“When my son was in his hospital bed, and they were giving him medicine, he’d say, ‘Mama, the mechanism of action of this drug is this, these are the side-effects.’” Dr Shabnam Tahir’s son, Salman, was a medical student preparing to become an anaesthesiologist when COVID-19 started spreading in Pakistan.
“His memory was remarkable. He knew every drug.”
“He wasn’t afraid of his disease,” says his mother. “He said, ‘Mama, don’t worry, I will come back after the ICU. Don’t cry, I will come back after 2 days."
Just a few days earlier,Salman had been at home with his family in Lahore — bored, like many young people in lockdown, but following protocols. “He was a healthy boy of 21. He never had ANY risk factor in his life,” says his mother. She and her husband, also a doctor, had been trained to protect themselves from infection. So as the number of COVID-19 cases increased, “we were strictly following the rules,” she says of the whole family.
With years of medical experience between them, the 2 parents watched their son’s initial symptoms at home carefully. At first, “he had headache, fever, and pain in his neck,” says his mother. They brought him to a hospital. “I thought, even if it’s meningitis — I’m a doctor, there are so many people with meningitis and they don’t die.”
But Salman deteriorated rapidly. “It was SO sudden,” says his mother. “I was with my child and I saw the progression of a disease.” Salman was first diagnosed with meningitis, and later his test for COVID-19 — confirmed via a method called PCR — came back positive.
Still, Salman was mentally alert. “He was looking quite normal, discussing his plans about his future. He remembered cell numbers, he asked me to call one of his friends, he told me the number,” says Dr Tahir. Meanwhile, she watched in alarm as his heart rate rose and the oxygen in his blood dropped, despite oxygen treatment.
“It was like a fire burning down everything in its way. It involved every organ in my son’s body.” His mother watched his symptoms — like swollen eyes — closely, more and more concerned. “His chest X-rays confirmed COVID-19 infection. He was so sick.” The hospital decided to move him into the ICU — for a short time, he thought.
But the disease was too fast and too severe. “It took only 72 hours from a healthy young man to a dead person,” says his mother.
A plea on behalf of health workers—and their families
“My message is this is a new disease, you don’t know what it will do. There may be SO many presentations,” says Salman’s mother. “Young people are less affected, but do not think it's an old-age disease.
“Don't think that if anybody does not have any risk factor, he/she cannot be affected with this virus.”
After their son’s test, the rest of the family was screened for COVID-19. “Mine was negative but my husband's screening was positive. This means my husband was an asymptomatic carrier,” she says.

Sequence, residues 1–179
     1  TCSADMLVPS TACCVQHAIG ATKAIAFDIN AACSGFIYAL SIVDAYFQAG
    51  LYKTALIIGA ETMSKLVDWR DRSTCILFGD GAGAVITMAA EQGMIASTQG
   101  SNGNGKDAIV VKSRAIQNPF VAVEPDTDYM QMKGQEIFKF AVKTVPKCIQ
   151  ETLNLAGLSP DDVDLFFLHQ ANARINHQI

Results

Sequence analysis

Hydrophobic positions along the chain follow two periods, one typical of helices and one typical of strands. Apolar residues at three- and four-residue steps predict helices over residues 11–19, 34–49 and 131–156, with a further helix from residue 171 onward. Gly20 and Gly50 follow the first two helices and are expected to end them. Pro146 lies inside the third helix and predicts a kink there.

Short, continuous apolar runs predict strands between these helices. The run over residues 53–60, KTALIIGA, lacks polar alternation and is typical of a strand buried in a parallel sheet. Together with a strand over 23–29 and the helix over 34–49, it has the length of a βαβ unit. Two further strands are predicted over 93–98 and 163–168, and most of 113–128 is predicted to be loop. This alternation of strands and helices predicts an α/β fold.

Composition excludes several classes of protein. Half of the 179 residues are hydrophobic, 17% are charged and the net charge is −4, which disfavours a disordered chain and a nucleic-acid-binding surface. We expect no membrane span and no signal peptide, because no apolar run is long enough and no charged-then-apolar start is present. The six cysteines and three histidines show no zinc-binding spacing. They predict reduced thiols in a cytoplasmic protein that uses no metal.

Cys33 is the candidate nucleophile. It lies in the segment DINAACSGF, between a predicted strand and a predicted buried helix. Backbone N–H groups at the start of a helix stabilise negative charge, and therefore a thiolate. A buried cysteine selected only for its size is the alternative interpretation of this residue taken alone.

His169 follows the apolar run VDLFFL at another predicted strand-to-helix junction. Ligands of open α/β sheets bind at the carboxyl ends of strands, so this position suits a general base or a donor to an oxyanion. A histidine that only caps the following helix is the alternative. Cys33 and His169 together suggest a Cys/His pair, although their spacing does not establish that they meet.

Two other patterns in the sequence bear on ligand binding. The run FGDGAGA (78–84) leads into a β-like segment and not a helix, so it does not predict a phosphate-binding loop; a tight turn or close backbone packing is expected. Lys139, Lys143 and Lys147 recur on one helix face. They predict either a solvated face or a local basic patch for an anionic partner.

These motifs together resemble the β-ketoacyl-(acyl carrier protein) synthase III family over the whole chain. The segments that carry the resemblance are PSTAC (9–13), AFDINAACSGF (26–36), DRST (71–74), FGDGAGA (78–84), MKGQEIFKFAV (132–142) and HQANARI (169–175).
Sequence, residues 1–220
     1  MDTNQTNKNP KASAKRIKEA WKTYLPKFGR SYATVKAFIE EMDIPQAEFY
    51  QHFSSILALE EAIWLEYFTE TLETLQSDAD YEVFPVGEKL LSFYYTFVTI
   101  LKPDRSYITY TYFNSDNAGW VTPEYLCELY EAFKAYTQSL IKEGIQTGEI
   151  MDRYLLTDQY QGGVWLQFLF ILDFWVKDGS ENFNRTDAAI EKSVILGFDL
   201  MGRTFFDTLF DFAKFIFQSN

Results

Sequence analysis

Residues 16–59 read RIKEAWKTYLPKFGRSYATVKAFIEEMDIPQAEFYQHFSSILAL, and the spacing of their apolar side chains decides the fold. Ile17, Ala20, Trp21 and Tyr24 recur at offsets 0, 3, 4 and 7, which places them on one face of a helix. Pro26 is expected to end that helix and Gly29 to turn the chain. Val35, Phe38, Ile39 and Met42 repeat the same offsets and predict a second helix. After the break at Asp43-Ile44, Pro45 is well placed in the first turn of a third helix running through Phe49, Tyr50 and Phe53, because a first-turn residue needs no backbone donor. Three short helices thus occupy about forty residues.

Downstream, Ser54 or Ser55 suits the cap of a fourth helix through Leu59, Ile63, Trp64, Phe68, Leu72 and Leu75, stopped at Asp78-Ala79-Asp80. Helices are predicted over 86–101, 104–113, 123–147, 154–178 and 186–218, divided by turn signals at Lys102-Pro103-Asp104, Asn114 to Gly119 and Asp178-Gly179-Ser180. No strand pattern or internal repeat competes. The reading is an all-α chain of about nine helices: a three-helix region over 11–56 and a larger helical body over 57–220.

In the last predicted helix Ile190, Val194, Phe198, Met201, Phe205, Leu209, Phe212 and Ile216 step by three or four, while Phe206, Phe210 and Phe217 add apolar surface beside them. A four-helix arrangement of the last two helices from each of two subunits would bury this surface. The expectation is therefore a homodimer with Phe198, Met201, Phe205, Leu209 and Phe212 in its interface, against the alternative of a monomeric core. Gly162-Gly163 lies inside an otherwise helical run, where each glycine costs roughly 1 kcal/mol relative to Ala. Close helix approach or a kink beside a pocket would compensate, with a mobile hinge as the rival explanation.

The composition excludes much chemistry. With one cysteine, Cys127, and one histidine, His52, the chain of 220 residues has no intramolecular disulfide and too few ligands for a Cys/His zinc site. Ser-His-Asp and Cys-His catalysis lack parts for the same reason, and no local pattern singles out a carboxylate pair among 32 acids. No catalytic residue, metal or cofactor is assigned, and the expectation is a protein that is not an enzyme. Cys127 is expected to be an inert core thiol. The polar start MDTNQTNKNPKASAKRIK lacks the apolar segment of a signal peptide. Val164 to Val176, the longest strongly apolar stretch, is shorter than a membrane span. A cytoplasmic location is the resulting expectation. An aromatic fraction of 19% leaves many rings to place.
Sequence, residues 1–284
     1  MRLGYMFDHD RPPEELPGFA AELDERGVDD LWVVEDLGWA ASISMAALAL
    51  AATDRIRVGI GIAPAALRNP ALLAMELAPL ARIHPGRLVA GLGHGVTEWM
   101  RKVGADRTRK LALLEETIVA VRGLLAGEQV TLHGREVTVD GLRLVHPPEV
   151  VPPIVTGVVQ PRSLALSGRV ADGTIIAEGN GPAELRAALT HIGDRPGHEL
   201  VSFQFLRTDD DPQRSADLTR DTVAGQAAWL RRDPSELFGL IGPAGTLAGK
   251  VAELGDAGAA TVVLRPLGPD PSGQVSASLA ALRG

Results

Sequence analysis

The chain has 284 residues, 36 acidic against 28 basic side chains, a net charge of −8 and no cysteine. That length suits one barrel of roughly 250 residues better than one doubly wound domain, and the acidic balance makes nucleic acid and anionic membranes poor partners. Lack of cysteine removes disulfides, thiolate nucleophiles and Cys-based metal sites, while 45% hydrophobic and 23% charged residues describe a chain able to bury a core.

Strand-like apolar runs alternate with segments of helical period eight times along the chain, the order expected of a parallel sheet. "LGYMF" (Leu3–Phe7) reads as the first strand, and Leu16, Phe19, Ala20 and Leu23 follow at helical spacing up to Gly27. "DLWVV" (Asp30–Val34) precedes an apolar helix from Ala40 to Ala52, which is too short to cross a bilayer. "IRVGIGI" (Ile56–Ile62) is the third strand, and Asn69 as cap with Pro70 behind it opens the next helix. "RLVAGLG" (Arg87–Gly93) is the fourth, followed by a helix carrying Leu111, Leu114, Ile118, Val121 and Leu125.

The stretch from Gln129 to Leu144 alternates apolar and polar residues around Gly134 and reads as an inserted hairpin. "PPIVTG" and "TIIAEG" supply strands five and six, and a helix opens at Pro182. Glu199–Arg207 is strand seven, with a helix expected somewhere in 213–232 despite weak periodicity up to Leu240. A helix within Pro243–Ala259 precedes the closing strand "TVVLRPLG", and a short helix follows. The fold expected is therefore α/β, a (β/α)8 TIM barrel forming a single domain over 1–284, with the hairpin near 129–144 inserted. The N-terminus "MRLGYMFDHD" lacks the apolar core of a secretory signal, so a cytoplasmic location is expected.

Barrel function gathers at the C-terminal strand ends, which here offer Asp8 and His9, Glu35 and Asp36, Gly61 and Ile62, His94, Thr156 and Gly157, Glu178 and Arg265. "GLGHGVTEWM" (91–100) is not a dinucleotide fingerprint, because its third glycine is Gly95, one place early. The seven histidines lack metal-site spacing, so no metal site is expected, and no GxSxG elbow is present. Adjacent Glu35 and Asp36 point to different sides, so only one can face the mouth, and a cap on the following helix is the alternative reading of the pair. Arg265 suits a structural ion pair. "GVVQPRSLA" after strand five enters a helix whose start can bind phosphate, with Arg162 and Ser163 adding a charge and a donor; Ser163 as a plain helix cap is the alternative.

On behalf of health workers worldwide, Dr Tahir begs all people to do their best to prevent the spread of COVID-19. “The only thing that can help is if EVERY person takes precautions, washing their hands again and again, social distancing, using masks in public places,” she says. “The doctor community is at too much risk. In spite of all precautions, we can bring this disease home to our dear ones.”
“For those who say that they are completely healthy and don't have any symptoms and they don't need to be isolated in quarantine centers, I want to tell them all that my husband is asymptomatic.
“He has been locked in a room since my son died. We are talking on the phone,” she says. “We place the food outside his room. Even after our son's death, we cannot even cry together.”
Dr Tahir’s plea comes at a time when many countries are relaxing their COVID-19 restrictions, and some people may be letting their guard down.
“WHO staff have watched, with breaking hearts, the sufferings of our health worker colleagues in the field as they battle COVID-19,” says Dr Palitha Mahipala, WHO Representative in Pakistan. “WHO has provided protective gear and training to protect health workers. We all have to keep trying and not relax our efforts. Only this way can we prevent tragedies.” WHO extended collaboration to the special programme “WE CARE,” launched by the government of Pakistan to protect health care workers, and supports the government’s efforts.
“Health workers are not only risking their own lives to treat COVID-19 patients, they are putting their families at risk,” Dr Mahipala continues.
For their part, Salman’s parents intend to continue their work as doctors. “We will continue to see patients, so our request to you is—please, please be careful,” says Dr Tahir. “EVERYONE has to take precautions. It’s the responsibility of EVERY individual.Don’t harm people and don’t be harmed by others.”